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Microsoft Corporation founder Bill Gates listens to a question as he appears with investor Warren Buffett for a town hall style meeting with business students broadcast by the financial television network CNBC at Columbia University in New York November 12, 2009. (MIKE SEGAR/REUTERS)
Microsoft Corporation founder Bill Gates listens to a question as he appears with investor Warren Buffett for a town hall style meeting with business students broadcast by the financial television network CNBC at Columbia University in New York November 12, 2009. (MIKE SEGAR/REUTERS)

What's in a baby name? A future CEO if you've got the right syllables Add to ...

Parents-to-be who flip through stacks of baby-name books are trying to engineer a number of things, including: Does the name work with their surname? Will there be too many other Emmas or Jacks in their class? What sounds nice?

New research suggests that their choice might also be laying the groundwork for future corporate success.

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The most common names among male chief executive officers are Peter, Bob, Jack, Bruce, Fred, Bill, Ron, Christian, Alexander and Don, according to new research from the online professional network LinkedIn, which analyzed more than 100 million user profiles, reports Forbes writer Jenna Goudreau. Many of those successful names are short, one-syllable nicknames. The trend held true for men in retail jobs, too.

For women, though, the top 10 CEO names were more likely to be two or three syllables: Deborah, Sally, Debra, Cynthia, Carolyn, Pamela, Ann, Cheryl, Linda and Janet, Ms. Goudreau reports.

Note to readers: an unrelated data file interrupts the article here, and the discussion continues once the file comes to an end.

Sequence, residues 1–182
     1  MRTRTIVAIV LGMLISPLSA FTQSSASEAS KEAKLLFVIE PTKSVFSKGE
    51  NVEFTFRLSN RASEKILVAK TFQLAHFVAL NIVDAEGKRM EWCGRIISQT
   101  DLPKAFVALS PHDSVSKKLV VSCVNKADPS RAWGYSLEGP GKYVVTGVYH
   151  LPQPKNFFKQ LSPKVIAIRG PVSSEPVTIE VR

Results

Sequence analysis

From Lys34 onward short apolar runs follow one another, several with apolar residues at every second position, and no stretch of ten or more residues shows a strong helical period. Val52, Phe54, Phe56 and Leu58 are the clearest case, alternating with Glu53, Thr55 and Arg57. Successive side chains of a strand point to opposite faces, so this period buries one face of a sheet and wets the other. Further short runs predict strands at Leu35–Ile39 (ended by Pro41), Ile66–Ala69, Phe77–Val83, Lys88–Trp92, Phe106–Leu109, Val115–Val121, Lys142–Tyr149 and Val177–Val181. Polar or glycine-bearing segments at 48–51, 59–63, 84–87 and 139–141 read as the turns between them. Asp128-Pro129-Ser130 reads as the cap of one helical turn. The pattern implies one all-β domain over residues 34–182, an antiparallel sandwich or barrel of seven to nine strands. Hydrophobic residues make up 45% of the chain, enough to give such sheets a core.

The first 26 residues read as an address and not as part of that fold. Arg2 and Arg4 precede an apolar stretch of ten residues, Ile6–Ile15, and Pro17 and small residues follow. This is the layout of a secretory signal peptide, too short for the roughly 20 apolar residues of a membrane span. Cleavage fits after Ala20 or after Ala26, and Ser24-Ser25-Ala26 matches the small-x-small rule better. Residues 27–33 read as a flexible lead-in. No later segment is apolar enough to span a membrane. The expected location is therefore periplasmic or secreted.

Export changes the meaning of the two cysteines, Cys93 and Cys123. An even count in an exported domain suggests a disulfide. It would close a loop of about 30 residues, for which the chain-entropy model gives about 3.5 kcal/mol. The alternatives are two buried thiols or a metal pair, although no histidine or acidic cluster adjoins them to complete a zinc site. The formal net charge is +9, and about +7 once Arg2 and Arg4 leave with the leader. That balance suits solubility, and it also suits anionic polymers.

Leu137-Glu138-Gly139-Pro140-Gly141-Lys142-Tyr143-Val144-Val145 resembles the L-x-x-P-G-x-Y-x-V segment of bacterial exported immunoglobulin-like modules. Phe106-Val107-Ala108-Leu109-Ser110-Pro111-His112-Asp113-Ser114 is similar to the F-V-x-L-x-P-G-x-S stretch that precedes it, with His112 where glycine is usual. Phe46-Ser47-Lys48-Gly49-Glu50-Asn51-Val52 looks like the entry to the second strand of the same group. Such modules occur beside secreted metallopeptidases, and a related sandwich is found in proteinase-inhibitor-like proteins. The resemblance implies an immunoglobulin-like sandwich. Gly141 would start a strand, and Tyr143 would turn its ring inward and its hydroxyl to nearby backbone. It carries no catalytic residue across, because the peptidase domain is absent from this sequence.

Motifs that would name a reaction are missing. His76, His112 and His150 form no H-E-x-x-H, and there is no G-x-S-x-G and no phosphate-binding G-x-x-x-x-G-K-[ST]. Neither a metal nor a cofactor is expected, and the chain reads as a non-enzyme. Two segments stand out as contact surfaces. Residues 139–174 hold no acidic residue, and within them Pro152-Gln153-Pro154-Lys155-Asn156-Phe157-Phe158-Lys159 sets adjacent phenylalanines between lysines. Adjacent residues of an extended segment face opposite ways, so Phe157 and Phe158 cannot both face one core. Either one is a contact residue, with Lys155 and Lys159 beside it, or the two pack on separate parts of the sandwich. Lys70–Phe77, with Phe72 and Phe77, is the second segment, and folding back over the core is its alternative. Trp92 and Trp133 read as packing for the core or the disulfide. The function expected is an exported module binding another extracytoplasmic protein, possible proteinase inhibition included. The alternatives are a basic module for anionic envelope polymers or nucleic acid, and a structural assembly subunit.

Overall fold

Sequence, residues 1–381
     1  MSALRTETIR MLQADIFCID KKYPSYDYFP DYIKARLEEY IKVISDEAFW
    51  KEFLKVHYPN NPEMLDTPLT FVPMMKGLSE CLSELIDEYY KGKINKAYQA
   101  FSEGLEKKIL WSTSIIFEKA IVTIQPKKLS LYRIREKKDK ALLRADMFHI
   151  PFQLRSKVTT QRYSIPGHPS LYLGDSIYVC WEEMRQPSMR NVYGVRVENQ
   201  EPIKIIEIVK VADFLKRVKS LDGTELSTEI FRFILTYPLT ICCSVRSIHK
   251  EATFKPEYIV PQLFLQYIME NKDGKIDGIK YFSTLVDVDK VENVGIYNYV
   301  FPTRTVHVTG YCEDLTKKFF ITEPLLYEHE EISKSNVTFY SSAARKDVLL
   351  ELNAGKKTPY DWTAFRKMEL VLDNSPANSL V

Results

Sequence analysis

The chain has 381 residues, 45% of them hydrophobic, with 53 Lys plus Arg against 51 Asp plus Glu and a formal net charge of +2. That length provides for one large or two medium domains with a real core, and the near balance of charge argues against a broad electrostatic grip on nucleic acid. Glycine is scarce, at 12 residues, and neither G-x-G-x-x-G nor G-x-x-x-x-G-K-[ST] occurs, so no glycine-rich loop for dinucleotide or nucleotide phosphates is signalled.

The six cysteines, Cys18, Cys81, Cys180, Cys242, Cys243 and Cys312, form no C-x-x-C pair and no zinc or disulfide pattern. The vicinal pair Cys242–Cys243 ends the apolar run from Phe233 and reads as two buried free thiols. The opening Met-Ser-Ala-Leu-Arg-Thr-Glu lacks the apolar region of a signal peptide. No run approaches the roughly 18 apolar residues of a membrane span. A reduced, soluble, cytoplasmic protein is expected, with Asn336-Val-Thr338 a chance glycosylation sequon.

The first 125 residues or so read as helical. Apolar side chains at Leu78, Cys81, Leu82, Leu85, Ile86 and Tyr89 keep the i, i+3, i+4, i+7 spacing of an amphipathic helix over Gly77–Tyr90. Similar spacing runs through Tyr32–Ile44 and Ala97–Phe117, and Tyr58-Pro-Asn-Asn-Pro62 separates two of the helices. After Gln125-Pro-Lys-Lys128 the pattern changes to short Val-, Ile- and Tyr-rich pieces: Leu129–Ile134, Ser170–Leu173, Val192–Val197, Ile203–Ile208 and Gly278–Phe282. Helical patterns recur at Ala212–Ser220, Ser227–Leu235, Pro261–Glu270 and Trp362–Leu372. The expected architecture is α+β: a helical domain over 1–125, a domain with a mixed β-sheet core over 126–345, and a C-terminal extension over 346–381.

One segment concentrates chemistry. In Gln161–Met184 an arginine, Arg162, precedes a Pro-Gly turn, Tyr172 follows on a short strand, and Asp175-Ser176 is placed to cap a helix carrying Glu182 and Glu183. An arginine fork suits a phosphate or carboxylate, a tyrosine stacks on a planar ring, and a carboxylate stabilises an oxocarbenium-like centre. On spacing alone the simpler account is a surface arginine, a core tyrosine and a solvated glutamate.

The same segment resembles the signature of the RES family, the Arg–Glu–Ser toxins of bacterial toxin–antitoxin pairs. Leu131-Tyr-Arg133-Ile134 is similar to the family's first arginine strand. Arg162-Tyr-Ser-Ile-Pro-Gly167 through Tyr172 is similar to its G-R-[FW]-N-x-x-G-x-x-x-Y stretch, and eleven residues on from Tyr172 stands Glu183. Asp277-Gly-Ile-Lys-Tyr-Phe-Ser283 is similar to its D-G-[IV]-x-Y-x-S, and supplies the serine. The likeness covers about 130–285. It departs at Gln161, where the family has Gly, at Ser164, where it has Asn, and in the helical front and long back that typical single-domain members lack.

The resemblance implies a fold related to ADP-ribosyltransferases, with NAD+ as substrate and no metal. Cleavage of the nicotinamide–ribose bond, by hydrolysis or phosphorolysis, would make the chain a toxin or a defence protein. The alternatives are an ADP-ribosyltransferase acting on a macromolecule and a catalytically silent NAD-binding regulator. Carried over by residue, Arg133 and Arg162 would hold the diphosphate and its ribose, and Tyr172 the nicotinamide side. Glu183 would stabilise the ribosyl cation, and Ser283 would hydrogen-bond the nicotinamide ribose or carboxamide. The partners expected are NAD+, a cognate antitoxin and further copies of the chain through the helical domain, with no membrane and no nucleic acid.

"It's possible that sales professionals and male CEOs use these shortened versions of their name as a way to be more approachable and accessible to potential clients," Frank Nuessel, a professor of language at the University of Louisville and editor of NAMES: A Journal of Onomastics, told Forbes. "Interestingly, female CEOs appear to prefer to use their full names and not nicknames, which could signify that they want to be taken more seriously and want co-workers to think of them in a more professional light."

If that's not enough to make you nervous, you may want to take a moment to consider whose last name your baby should take. In other recent news, Ms. Goudreau's colleague Meghan Casserly wrote about how your last name may affect your spending habits. If it starts with letters from R to Z, you're more likely to jump at a deal, for instance.

And a last piece of information to pass along to your daughters when they're older: My colleague Wency Leung wrote about how taking your husband's name may set you back professionally, and therefore financially.

Readers, what's in a name? Could a parents' choice of name really set up a child for success - or failure?

 

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